The ED of Södersjukhuset is an urban 603-bed teaching hospital in Stockholm, Sweden, with more than 129,000 adult ED visits annually [9].

Selection of study participants

Inclusion criteria

Adult patients (≥ 18 years of age) admitted from the ED to in-hospital care at Södersjukhuset that upon discharge from in-hospital care received an ICD-10 code (primary and/or secondary diagnosis) compatible with sepsis (A02.1, A22.7, A26.7, A32.7, A39.2, A39.4, A40.0-A40.3, A48-A49, A41.0-A41.5, A41.8-A41.9, A42.7, B37.7, R57.2, R65.0-65.1) were included. Also, patients that died during in-hospital care were included in the current study.

Exclusion criteria

Exclusion criteria were (1) healthcare-associated infections (HCAI), defined as sepsis with an onset ≥ 48 h after admission to the ED [10], (2) EMS transport of patients already being treated for sepsis or an infection, (3) unknown mode of arrival, and (4) lack of ED and/or EMS record.

Definitions

Sepsis was defined as discharge from in-hospital care with an ICD-10 code compatible with sepsis (see the “Inclusion criteria” section above). The study material was collected during the period when the Sepsis-2 criteria [11] were in use.

Severe sepsis was defined, in accordance to a previously developed definition adapted to emergency care [12], see Additional file 1.

The EMS group was defined as patients arriving to the ED by EMS, i.e., ambulance or ambulance helicopter. The non-EMS group was defined as patients arriving to the ED by any means of transportation other than EMS, i.e., walking, by private car/taxi, or police transport.

Keywords

Primary keywords were defined as symptoms or factors that describe the septic patient’s clinical presentation in the ED setting, e.g., “vomiting,” “fever,” or “hypotension.” The combined keywords consist of several primary and/or combined keywords. The primary and combined keywords were those identified in a previous study among Swedish EMS patients [5] with the addition of any new keyword describing the patient’s clinical presentation in the ED, i.e., not previously identified in the prior prehospital study [3].

Study protocol

Keywords reflecting clinical presentation were quantified, both as primary keywords and as combined keywords within two subgroups of patients based on mode of arrival: by EMS or by means of transportation other than EMS.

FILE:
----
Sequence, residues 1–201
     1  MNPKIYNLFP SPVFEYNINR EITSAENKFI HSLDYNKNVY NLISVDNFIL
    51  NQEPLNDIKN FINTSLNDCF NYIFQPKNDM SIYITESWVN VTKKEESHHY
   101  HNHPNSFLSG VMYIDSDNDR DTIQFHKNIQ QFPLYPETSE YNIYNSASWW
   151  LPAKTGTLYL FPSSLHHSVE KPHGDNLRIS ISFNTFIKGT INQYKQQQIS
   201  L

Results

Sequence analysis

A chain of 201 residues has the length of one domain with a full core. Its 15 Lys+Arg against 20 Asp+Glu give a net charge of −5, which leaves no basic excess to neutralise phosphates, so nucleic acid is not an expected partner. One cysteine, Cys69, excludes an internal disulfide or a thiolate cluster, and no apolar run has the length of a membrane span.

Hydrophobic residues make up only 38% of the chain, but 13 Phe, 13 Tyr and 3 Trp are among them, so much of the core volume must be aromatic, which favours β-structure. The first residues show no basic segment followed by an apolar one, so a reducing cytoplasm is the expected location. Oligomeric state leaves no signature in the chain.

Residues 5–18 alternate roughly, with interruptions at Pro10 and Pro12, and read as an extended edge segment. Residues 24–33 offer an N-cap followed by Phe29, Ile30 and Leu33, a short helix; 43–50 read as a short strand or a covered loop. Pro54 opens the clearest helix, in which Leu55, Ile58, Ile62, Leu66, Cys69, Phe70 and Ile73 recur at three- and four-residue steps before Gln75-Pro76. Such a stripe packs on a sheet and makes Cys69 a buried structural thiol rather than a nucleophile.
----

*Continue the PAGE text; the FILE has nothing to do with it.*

ED and in-hospital records were reviewed (TakeCare® v. 18.3.10 CompuGroup Medical Stockholm Sweden) and analyzed with respect to prevalence of keywords mode of arrival and demographics (age gender and sepsis severity)

The chief complaint, current history, and preliminary assessment sections of the ED charts were analyzed for the quantification of keywords. The current history section focuses on the acute situation and not a comprehensive medical history. Only symptoms with new onset, defined as onset within 3 weeks prior to ED arrival, were considered relevant for the current study. Each patient could fulfill multiple primary and several different combined keywords.

Data analysis

The statistical analysis program SPSS® (Statistical Package for Social Sciences SPSS®, IBM®, student version 22.0) was used to analyze the prevalence of keywords. Independent-samples T test was used to compare means and Chi-square test was used to compare proportions between patients arriving by EMS with those of patients arriving by other means (1) in the entire group of septic ED patients and (2) in strata based on age, gender, and severity of sepsis (severe vs non-severe sepsis) to adjust for possible differences between the EMS vs non-EMS groups due to these factors. Fischer’s exact test was used when the expected cell count was < 5.

P values are presented without adjustment for multiple comparisons and the Bonferroni-adjusted significance level is described in the footnote of each table by dividing the significance level 0.05 with the number of performed comparisons. Only two tailed P values that remained significant according to the Bonferroni-adjusted significance level are considered significant in the current study.

Ethical approval

Stockholm Regional Ethical Review Board approval was obtained for this study (reference number 2012/1288-31/3).

Results

Patient characteristics

See Fig. 1 for flow chart for inclusion and exclusion of patients.